Moving forward, understanding barriers women’s businesses face and creating a climate that is conducive to increasing the share of women in larger businesses in more profitable sectors is necessary for countries in the region to further leverage the economic power of women for growth. Here’s a list of some issues I identified. What’s missing?
- Identifying and addressing the specific constraints faced by women in accessing formal financial services, including savings, credit, insurance, and money-transfer services, and offering greater access to financial instruments;
- Providing business skill training and advisory services as well as improving financial literacy and management training;
- Facilitating networking and information-sharing among women entrepreneurs; and
- Increasing women’s participation in advisory boards and other forums to contribute to the formulation and review of policies and programs being developed by financial institutions.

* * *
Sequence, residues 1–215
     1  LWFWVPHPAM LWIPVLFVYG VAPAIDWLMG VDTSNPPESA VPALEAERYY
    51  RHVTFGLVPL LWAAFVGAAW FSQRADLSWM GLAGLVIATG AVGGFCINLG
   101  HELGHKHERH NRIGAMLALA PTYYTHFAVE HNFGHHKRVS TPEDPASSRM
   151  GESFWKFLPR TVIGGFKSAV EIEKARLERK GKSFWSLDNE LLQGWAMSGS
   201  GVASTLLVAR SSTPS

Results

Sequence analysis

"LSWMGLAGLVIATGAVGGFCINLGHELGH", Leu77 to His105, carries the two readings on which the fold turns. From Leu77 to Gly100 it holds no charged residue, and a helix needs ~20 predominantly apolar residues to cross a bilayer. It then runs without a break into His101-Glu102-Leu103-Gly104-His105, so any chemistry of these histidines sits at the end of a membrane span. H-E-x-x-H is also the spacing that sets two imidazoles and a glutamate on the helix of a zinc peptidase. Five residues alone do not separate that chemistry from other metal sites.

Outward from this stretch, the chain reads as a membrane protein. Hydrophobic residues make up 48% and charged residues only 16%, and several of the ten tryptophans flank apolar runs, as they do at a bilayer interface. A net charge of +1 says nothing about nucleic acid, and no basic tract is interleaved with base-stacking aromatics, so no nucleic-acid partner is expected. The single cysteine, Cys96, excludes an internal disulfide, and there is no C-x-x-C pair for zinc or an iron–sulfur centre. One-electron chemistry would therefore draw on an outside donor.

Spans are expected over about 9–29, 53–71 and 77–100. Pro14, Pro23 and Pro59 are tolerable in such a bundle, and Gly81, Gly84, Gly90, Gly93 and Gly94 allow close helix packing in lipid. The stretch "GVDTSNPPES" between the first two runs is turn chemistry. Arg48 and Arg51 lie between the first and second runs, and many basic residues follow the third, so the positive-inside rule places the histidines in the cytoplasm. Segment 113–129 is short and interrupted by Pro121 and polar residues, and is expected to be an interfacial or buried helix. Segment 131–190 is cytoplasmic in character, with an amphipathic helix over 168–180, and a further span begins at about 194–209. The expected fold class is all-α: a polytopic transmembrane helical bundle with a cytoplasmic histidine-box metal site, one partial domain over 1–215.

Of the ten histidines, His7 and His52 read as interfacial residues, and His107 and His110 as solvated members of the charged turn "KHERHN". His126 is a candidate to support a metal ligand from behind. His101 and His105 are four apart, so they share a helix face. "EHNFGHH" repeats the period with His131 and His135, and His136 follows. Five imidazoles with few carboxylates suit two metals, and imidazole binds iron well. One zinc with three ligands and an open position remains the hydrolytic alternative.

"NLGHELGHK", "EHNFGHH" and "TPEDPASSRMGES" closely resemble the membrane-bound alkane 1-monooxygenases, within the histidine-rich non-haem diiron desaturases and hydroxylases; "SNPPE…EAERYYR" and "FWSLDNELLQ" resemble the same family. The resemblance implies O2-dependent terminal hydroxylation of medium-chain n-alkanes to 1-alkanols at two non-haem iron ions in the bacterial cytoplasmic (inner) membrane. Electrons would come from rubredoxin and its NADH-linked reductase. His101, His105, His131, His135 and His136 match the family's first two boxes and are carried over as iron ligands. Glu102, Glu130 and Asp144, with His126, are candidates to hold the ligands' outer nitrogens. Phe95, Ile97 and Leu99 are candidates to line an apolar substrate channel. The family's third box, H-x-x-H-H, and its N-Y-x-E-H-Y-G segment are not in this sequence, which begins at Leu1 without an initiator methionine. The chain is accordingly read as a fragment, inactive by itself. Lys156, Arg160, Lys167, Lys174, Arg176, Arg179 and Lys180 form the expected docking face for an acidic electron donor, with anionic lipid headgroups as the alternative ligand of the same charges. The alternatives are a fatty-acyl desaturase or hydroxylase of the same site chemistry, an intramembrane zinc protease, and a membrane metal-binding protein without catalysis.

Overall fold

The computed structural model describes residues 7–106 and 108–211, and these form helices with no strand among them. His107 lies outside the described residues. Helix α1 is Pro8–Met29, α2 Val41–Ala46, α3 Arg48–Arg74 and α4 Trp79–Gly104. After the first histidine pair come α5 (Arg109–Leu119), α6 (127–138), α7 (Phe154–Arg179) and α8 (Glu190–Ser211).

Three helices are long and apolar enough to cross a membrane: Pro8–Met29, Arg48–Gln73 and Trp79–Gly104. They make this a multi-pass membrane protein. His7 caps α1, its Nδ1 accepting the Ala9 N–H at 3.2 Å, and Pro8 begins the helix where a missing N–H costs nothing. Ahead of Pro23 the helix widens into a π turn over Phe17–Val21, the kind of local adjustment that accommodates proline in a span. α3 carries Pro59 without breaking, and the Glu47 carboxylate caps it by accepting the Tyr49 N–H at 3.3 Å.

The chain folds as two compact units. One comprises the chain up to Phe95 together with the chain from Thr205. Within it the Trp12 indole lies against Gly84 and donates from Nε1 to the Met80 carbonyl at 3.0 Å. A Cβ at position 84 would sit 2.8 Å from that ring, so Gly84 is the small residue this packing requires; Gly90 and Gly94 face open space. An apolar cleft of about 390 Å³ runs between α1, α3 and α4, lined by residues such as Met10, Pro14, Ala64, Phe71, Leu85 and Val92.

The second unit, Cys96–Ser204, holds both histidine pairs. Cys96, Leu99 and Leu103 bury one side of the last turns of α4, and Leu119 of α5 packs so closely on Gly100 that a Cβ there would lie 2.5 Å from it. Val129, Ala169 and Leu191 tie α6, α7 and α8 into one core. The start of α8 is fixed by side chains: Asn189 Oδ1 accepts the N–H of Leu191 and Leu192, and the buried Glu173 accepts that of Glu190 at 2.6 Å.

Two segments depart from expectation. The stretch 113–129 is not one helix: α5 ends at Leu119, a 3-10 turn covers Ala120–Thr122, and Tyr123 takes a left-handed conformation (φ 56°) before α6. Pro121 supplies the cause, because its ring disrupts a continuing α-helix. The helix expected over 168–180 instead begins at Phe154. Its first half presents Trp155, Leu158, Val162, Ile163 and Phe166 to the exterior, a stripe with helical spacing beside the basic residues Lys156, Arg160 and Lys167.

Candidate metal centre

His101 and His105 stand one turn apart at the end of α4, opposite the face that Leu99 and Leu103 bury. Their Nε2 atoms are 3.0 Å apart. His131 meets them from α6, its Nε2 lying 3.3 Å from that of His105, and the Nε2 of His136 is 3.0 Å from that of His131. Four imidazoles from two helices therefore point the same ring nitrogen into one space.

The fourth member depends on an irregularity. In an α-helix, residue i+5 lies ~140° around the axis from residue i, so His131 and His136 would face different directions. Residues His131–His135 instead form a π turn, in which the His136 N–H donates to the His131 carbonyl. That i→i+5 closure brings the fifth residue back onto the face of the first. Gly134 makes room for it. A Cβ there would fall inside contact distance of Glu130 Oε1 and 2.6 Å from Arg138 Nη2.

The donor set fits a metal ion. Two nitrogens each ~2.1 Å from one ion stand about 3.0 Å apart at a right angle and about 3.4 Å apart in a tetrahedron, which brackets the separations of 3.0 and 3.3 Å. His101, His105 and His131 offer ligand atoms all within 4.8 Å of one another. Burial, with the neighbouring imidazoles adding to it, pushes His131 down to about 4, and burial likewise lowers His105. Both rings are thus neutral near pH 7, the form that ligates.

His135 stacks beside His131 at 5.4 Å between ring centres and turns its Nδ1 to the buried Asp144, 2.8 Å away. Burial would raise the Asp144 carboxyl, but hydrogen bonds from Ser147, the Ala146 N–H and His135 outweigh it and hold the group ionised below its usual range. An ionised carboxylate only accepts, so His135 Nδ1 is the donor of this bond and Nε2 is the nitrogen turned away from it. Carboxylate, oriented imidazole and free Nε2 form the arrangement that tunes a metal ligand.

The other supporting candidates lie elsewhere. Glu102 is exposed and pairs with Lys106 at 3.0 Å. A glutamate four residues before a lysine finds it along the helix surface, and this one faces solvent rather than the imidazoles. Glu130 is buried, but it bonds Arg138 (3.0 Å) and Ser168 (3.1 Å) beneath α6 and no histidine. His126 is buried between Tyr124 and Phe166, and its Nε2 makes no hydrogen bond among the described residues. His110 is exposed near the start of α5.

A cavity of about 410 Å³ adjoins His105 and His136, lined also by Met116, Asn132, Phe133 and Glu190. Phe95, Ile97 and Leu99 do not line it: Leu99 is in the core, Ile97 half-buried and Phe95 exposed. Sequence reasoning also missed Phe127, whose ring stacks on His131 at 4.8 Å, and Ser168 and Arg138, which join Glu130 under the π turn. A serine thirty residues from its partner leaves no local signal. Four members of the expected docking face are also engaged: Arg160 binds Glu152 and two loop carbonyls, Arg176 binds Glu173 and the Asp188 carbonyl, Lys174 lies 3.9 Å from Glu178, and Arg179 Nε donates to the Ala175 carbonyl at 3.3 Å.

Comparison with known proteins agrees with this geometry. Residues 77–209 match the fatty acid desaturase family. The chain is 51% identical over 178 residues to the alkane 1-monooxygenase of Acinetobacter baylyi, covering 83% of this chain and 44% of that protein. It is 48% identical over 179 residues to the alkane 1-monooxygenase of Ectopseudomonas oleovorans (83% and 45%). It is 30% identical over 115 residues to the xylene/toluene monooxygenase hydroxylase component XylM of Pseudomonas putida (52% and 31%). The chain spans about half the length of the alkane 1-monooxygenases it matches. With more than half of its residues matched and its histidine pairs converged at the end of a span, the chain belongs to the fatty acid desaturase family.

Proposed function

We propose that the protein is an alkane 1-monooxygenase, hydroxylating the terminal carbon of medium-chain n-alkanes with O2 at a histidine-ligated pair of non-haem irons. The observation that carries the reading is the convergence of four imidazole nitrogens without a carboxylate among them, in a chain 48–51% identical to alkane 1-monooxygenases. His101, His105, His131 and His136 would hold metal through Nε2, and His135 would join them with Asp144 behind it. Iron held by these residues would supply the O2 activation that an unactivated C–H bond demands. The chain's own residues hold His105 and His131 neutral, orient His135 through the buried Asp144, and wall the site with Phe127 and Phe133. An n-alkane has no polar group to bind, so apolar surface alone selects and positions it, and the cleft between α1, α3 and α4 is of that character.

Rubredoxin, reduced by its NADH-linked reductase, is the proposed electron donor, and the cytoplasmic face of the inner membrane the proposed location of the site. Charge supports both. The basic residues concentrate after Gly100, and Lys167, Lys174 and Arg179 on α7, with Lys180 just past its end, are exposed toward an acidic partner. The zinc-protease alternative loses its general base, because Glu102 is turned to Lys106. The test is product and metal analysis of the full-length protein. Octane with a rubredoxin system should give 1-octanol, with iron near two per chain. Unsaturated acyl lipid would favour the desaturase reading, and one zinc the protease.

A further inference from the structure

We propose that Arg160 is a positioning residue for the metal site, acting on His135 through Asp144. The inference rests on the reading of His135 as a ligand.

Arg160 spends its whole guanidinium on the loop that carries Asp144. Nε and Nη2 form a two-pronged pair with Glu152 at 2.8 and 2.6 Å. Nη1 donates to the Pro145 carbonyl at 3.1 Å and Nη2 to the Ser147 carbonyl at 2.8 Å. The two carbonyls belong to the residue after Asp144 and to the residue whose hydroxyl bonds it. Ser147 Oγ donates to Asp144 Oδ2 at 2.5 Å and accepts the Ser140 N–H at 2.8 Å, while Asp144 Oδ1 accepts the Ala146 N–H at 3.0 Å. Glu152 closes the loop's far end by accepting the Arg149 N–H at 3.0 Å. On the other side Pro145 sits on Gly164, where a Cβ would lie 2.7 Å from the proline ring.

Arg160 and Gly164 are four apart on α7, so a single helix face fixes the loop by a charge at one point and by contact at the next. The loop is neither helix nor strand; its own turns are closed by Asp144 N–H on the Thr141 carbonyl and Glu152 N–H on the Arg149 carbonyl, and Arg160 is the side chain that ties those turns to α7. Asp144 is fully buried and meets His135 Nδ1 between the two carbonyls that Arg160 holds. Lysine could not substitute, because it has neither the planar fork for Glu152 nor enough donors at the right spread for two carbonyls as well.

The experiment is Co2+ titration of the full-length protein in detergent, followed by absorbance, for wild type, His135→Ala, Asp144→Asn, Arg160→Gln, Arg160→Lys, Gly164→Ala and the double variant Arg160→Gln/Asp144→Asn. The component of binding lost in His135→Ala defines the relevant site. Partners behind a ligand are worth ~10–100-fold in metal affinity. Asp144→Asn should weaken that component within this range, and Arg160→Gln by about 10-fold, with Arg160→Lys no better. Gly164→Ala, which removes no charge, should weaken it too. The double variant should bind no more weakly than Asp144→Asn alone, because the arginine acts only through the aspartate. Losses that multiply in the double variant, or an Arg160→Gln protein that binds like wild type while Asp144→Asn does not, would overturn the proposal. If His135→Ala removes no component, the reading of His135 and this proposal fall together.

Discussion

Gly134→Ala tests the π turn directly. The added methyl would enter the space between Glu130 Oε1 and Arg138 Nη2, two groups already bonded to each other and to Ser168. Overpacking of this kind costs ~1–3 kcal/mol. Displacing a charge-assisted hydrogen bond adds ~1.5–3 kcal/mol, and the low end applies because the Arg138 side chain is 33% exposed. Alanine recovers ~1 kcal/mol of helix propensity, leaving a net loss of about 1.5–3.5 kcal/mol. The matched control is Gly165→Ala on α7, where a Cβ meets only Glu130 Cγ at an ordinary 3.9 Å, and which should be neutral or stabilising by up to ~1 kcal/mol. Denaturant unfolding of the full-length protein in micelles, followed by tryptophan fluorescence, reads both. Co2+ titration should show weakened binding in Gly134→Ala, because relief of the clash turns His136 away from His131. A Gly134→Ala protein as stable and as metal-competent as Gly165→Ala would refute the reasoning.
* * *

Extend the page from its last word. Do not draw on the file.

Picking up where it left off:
Lauren, thanks for a good job on clarifying importance of getting beyond microfinance. In Haiti, some successful women entrepreneurs we met said IFC training in marketing had helped them, but they said they needed larger loans to expand on their already lucrative businesses which were also creating jobs. Any program aimed at promoting small and larger business in the Caribbean- and anywhere else my view- should combine such skilled training with multiple loans.
To see some of the women entrepreneurs in Haiti, see: http://www.youtube.com/watch?v=NOYCdgrJFS0
I am working in Financial Inclusion (FI) for a Large Commercial Bank in India and I found that not only unbanked rural mass but also deprived community and migrants in Metro/Urban centres need banking facility the way they are comfortable with, the technology which is fault free and working in local scenario, I have travelled almost 100 rural locations and 30 urban slums etc, people are waiting for resolution that meaningfully help them to enter into main financial stream otherwise they will remain crushed in clutches of cruel money lenders. I vow towork for them for all my life.